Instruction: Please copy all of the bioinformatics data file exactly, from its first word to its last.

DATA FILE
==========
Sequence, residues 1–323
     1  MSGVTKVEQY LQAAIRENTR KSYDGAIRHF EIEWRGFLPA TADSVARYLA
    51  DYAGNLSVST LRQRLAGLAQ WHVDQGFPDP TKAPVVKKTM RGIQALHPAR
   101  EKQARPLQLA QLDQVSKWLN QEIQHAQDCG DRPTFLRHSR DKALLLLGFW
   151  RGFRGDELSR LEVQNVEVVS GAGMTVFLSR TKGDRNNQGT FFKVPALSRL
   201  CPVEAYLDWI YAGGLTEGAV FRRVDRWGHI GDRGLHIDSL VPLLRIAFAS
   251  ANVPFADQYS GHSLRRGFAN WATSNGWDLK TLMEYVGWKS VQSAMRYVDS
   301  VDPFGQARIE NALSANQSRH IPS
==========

Sequence, residues 1–323
     1  MSGVTKVEQY LQAAIRENTR KSYDGAIRHF EIEWRGFLPA TADSVARYLA
    51  DYAGNLSVST LRQRLAGLAQ WHVDQGFPDP TKAPVVKKTM RGIQALHPAR
   101  EKQARPLQLA QLDQVSKWLN QEIQHAQDCG DRPTFLRHSR DKALLLLGFW
   151  RGFRGDELSR LEVQNVEVVS GAGMTVFLSR TKGDRNNQGT FFKVPALSRL
   201  CPVEAYLDWI YAGGLTEGAV FRRVDRWGHI GDRGLHIDSL VPLLRIAFAS
   251  ANVPFADQYS GHSLRRGFAN WATSNGWDLK TLMEYVGWKS VQSAMRYVDS
   301  VDPFGQARIE NALSANQSRH IPS